Financial Contagion During Lehman Default and Sovereign Debt Crisis: An Empirical Analysis on Euro Area Bond and Equity Markets
46 Pages Posted: 29 Dec 2012
Date Written: December 28, 2012
The recent Euro area crisis, which has originally been driven mainly by macroeconomic factors, has had a strong impact also on financial markets leading internationally to what is referred as contagion, that is co-movements among asset prices which have been excessive respect to fundamentals. The term “contagion,” generally used in contrast to “interdependence,” conveys the idea that during financial crisis there might be breaks or anomalies in the international transmission mechanism, arguably reflecting switches across multiple equilibria, market panics unrelated to fundamentals, investors’ herding and the like. Although there is still wide disagreement among economists about what contagion is exactly and how it should be tested empirically, a common approach consists of identifying breaks in the international transmission of shocks indirectly, inferring them from a significant rise in the correlation of asset returns across markets and countries. Our study extends on this conventional measures of contagion by directly investigating changes in the existence and the directions of causality among a sample of Euro area countries during the recent Lehman default and sovereign debt crisis. To test for contagion, we apply a three steps Granger causality/VECM methodology on sovereign bond spreads and stock returns as measures of perceived country risk. Results highlight the fact that the causality patterns have changed during the “crisis” periods compared to the pre-crisis “tranquil” periods, thus pointing out the occurrence of contagion phenomenon among Euro area countries during the last two international financial crises.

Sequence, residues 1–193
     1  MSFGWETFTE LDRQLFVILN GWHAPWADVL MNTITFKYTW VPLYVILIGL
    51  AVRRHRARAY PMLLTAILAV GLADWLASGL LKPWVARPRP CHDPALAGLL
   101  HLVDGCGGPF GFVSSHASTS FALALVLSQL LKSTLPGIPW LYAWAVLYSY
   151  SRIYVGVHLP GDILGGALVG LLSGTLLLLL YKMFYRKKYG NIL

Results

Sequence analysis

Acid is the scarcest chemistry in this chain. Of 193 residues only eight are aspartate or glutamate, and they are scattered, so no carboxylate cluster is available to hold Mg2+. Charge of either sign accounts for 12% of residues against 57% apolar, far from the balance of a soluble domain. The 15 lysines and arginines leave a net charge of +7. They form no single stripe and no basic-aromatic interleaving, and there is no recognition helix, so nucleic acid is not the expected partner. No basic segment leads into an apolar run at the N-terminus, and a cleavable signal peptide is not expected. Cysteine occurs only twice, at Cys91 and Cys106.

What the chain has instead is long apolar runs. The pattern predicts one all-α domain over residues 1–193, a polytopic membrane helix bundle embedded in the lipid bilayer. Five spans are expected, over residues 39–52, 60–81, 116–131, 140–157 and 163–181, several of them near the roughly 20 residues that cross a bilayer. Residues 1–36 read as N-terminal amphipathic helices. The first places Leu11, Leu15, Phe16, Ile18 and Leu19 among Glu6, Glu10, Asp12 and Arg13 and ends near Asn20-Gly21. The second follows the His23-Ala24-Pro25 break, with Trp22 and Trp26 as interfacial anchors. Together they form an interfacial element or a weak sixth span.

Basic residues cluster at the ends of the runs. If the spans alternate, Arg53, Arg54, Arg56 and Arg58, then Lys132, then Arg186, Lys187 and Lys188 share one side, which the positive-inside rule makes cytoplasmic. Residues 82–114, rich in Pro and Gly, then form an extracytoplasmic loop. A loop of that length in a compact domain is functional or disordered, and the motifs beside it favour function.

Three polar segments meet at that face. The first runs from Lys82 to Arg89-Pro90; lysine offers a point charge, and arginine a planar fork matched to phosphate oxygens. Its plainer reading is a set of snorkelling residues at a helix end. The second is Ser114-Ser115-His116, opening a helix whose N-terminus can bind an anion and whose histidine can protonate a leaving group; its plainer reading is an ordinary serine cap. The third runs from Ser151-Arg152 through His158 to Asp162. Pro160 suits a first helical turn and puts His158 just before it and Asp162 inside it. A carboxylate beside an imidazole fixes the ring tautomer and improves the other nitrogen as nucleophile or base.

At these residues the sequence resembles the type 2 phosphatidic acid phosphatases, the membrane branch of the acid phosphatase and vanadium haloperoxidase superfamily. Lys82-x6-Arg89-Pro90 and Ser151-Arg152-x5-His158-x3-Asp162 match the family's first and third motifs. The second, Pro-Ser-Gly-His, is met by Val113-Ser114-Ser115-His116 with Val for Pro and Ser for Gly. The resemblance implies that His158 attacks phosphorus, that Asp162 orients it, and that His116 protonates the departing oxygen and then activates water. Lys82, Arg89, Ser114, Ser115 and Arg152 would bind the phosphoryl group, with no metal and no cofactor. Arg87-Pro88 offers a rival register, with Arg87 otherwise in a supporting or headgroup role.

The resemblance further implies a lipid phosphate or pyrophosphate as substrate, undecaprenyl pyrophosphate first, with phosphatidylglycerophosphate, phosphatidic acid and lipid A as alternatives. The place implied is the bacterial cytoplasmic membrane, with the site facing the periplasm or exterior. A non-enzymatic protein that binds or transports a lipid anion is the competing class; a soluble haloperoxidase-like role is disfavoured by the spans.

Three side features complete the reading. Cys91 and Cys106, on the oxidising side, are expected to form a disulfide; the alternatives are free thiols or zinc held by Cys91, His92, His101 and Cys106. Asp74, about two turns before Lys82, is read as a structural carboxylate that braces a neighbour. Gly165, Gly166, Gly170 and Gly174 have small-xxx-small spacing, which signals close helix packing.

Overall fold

Keywords: contagion, Euro area sovereign debt crisis, sovereign bond spread, stock market
JEL Classification: G01, G15
Suggested Citation: Suggested Citation